Noble sentiments, but the question still arises: What can a country like Britain do to protect its citizens against such an atrocity? It's not as if the security services weren't aware of the threat. Just a year ago, the former head of London's metropolitan police, Sir John Stevens, said it was not a matter of "if" London would be attacked but "when."
How do you defend, though, against an enemy with no formalized command structure and so well blended into local communities as to be almost invisible?
Rob Watson is a specialist on security issues for the BBC's World Service. He says one of the biggest difficulties facing the police is that the threat often comes from people with no previous criminal record.
"People are just not on the radar," Watson told RFE/RL. "What I mean by that is people who haven't followed the traditional route as Islamic extremists. They haven't trained in Afghanistan; they don't necessarily worship at a radical mosque; they don't have any criminal record and have no association with known groups that are being monitored. That is every security service's nightmare. You're looking for an extremist needle in a very, very large haystack."
Sometimes the security services succeed. This was not the first planned attack in London. British intelligence is believed to have thwarted five major plots by Al-Qaeda and yet on this occasion, it had no prior warning, not even a hint of what was coming. Indeed, so confident were the security services that on the eve of the G-8 summit in Scotland, they advised the government's Joint Terrorist Analysis Center to drop the security level in London from "severe general" to "substantial."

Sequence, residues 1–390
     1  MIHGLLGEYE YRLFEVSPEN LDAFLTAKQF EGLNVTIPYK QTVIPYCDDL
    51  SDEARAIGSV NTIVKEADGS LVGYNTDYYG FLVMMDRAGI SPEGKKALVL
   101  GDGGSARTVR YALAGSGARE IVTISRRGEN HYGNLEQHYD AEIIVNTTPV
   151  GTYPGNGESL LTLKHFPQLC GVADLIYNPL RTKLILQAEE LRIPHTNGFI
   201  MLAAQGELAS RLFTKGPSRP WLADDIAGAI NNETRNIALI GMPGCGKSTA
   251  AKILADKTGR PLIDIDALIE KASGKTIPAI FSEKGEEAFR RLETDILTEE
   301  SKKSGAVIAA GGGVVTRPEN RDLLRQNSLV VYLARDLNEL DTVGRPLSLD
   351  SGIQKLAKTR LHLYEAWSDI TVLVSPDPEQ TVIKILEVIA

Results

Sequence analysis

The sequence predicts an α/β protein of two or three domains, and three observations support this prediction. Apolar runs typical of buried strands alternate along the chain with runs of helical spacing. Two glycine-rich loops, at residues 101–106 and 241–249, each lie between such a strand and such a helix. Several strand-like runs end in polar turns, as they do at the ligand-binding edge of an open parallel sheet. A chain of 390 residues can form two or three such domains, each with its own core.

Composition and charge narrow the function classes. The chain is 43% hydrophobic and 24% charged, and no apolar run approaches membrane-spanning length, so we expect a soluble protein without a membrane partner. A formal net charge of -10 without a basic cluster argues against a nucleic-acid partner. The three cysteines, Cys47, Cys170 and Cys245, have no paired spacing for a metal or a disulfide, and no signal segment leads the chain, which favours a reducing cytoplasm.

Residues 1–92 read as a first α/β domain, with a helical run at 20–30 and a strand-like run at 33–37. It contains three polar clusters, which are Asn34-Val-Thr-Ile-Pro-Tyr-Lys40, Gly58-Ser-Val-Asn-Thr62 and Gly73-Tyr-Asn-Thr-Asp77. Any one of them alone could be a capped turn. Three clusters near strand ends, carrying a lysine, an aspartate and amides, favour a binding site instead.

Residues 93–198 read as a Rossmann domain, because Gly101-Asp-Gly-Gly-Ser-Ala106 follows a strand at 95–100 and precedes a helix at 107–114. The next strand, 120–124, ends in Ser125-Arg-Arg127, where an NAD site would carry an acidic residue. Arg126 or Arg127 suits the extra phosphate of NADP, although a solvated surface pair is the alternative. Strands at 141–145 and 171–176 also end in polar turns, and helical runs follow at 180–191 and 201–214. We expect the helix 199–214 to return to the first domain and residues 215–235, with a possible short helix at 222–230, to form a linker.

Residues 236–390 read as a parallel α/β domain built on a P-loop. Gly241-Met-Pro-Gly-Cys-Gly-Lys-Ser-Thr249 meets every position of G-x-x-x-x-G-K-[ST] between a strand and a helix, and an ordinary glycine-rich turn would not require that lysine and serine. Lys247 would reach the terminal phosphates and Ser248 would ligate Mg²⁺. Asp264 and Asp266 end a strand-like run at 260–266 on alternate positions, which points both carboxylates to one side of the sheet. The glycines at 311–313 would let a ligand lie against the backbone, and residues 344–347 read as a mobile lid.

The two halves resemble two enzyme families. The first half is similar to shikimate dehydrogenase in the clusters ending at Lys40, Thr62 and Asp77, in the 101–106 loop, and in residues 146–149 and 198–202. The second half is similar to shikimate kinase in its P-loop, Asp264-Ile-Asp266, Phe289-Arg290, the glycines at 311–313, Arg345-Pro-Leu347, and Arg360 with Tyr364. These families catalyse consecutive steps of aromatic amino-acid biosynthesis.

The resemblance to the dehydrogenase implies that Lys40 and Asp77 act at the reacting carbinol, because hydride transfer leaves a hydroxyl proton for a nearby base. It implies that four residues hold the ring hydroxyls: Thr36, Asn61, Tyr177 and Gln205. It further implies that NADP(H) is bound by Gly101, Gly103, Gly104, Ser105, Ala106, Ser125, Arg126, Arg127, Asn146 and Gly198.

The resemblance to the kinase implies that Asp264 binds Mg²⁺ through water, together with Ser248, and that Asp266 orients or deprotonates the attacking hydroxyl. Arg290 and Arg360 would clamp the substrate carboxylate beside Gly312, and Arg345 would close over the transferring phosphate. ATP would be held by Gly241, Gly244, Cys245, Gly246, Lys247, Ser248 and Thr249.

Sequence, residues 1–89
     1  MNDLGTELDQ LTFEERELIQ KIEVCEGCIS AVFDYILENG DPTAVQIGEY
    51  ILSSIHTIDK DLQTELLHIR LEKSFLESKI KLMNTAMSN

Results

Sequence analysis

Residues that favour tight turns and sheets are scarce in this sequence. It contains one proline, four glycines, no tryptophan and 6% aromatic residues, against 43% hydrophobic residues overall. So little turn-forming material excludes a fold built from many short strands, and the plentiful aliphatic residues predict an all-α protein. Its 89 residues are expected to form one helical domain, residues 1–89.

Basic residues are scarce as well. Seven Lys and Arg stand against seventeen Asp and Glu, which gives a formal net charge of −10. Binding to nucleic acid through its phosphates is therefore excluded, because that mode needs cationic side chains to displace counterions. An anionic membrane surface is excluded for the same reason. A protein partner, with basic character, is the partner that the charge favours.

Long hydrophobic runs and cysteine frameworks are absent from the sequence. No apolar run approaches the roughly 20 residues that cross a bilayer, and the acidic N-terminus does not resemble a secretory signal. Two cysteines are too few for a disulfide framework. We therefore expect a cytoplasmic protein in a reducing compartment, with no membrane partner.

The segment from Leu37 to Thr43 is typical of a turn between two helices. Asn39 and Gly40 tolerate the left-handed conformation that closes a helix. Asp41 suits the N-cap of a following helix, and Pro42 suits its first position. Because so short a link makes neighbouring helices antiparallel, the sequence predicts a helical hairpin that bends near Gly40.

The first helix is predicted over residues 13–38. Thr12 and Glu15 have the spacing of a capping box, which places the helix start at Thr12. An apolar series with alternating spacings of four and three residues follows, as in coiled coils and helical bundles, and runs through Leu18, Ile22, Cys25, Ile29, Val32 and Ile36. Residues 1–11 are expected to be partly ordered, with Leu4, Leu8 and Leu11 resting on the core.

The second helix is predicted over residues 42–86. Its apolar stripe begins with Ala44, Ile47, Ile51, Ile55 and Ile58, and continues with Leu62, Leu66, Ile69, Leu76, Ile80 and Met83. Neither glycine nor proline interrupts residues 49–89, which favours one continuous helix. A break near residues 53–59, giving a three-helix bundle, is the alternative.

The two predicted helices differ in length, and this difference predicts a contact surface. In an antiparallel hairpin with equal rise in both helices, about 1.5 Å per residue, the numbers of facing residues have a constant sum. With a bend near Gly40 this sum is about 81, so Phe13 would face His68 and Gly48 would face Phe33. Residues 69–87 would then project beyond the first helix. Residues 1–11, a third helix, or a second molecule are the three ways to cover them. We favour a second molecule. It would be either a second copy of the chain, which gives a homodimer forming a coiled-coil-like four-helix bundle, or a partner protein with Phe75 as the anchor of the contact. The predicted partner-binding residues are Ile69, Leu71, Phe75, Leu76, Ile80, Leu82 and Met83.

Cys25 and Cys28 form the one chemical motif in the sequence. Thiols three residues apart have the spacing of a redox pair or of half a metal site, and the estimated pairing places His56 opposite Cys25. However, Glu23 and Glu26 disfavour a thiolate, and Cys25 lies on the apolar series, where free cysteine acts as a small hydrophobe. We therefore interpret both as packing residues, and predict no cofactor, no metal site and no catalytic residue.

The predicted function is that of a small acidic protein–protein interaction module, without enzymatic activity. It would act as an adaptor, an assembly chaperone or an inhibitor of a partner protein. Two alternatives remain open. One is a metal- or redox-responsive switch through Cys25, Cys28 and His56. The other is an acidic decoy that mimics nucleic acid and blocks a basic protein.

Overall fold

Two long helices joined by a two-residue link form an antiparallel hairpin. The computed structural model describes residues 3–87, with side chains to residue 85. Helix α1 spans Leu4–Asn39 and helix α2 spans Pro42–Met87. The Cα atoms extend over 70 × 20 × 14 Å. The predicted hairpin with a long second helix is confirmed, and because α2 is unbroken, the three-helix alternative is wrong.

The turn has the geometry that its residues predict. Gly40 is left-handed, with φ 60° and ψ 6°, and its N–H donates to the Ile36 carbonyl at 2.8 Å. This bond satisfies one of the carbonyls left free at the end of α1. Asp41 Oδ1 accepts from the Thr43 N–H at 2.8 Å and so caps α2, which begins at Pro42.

For all the stoicism, attitudes among the public are confused. How should an open society fight back?
"I think the danger is people will lose their rights and that's the worst thing that can happen really," said passerby Paul Griffiths. "I think it will be a dangerous thing if they do clamp down and we start to live in a police state."
"You don't want to have a backlash against the Muslim community in Britain," added another man, Chris Burgess. "You want to tighten up security but you don't want to infringe on people's rights."
Others took a less tolerant view.
"I think we should tighten up on the immigration because as you know they don't know how many people are being allowed into the country and the Muslims are actually serious," David Kay said.
But there are no ready answers. Some have suggested accelerating the introduction of identity cards, an issue that is already a political hot potato in Britain. But identity cards did nothing to prevent the bombings in Madrid last year.
Others have pointed to Israel as one state that has coped more or less successfully with the problem of suicide bombers. But Israel is a militarized state that is building a 10-meter high wall around its Palestinian population to contain the danger. These are not options that could have any sense or application in Britain.
Rob Watson believes that the British and other Western governments are resigned to a long war of nerves.
"I think that, in a way, what the government has been saying to people in this country is: you know, you do just have to get on with your lives," Watson said. "The implication being that this is a bit like the days when the IRA [Irish Republican Army] was attacking us. You can't stay at home, you have to get on with your work, with your lives, but we, the government, we, the authorities, can't promise you that it will be entirely risk- free."
In the meantime, governments from Britain to the United States to Iraq face a critical problem: How do they overcome the alienation and the anger that breed the bombers in the first place?
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